George Ferguson (architect)
|Ferguson presenting his manifesto in 2012|
|1st Mayor of Bristol|
19 November 2012
|Born||George Robin Paget Ferguson
22 March 1947
Winchester, Hampshire, England
|Political party||Liberal (1970–1988)
Liberal Democrats (1988–2012)
|Children||Alice, John and Corinna|
|Alma mater||Wellington College, Berkshire
(independent boarding school)
University of Bristol
|Occupation||Politician, Architect, cultural entrepreneur|
George Robin Paget Ferguson CBE, PPRIBA, RWA (born 22 March 1947) is a British architect and the first elected Mayor of Bristol (2012 - ), who has made a significant contribution to architecture, town planning and design in the South West of England and Europe.
Ferguson read architecture at the University of Bristol from 1965 to 1971. Ferguson was co-founder of Ferguson Mann Architects in 1978 and founded the national UK wide network of practices, Acanthus, in 1986. He has a wide variety of experience in architectural, master-planning and regeneration projects, commencing with regeneration and historic building work that formed the foundation of the practice. This includes many award winning schemes such as the At-Bristol Millennium project with its new urban spaces, Royal William Yard in Plymouth and his Tobacco Factory mixed use project, including the renowned Tobacco Factory Theatre and other creative activities that have helped kick start the regeneration of South Bristol. Ferguson lives at the top of the building.
Ferguson was educated at Wellington College, a boarding independent school for boys (now co-educational), in the village of Crowthorne in Berkshire, followed by the University of Bristol from 1965-1971, where he read Architecture and obtained three degrees, including an Honours degree.
Life and career
Ferguson has been described as "a prime mover for change in attitude to planning and redevelopment in the South West Region and beyond." Ferguson has been awarded honorary degrees from the University of Bristol and the University of the West of England. Ferguson was appointed High Sheriff of Bristol when that office was revived in 1996 and served for one year. He is a past president of the Royal Institute of British Architects (2003–2005). when "he was noted for championing the causes of education, the environment and good urbanism." He writes, broadcasts and lectures on planning and architectural matters and sustainability, and was a presenter on the 2005 Channel 4 television series Demolition. He is amongst many other things a trustee of the London based think tank Demos and his interests include local food (he has a restaurant and brewery), theatre, and travel. He was a founding Director of The Academy of Urbanism. He was a founding member of sustainable transport charity Sustrans. He is noted for always wearing red trousers.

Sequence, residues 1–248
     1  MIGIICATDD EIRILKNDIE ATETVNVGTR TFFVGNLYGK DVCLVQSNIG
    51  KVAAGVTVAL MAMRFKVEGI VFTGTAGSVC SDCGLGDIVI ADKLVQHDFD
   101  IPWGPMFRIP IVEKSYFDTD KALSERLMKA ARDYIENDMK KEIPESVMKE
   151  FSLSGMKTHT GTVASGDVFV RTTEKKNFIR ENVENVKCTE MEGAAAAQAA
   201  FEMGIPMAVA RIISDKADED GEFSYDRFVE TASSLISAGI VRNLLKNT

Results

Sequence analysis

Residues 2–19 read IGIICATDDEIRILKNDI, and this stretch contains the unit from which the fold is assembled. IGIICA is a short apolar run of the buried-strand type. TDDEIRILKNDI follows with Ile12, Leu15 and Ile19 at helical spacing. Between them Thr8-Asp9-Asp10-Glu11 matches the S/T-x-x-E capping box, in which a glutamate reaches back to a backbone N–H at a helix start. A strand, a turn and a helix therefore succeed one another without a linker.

The Tobacco Factory
Ferguson bought the last remaining building of the old Wills Tobacco Raleigh Road Works in, Southville, Bristol, when the rest was demolished in 1996. It is now a multi-use building housing a performance venue, performing arts school, restaurant, café bar, and apartments.
Inspired by the Manchester Independents campaign, Ferguson launched a Bristol-based campaign from the Tobacco Factory. The purpose of the campaign is to encourage the support and patronage of independent outlets and businesses to help redress the balance that has swung strongly in favour of chains at the expense of local character and enterprise. Business at the Tobacco Factory epitomises this, with home grown enterprises such as design agency Fanatic, software company CLIK, and Teoh's restaurant trading there.
Ferguson also owns The Bristol Beer Factory, located in the former Ashton Gate Brewery near to The Tobacco Factory. It manufactures several award-winning ales which it supplies to the Tobacco Factory bar as well as other local outlets. In autumn 2009 a new 90 seat performance space and rehearsal facilities were opened there. He has another bar on a converted barge called 'The Grain Barge' in Hotwells.
In April 2012, Ferguson confirmed speculation that he was planning to be an independent candidate for Mayor of Bristol. Bristol voted in favour of an elected mayor and there was an election on 15 November 2012.
In May 2012, Ferguson resigned his membership of the Liberal Democrat party shortly before announcing that he would stand for mayor.
On 16 November 2012, Ferguson was declared Bristol's first Elected Mayor, beating the second-place Labour candidate Marvin Rees by more than 6,000 votes.
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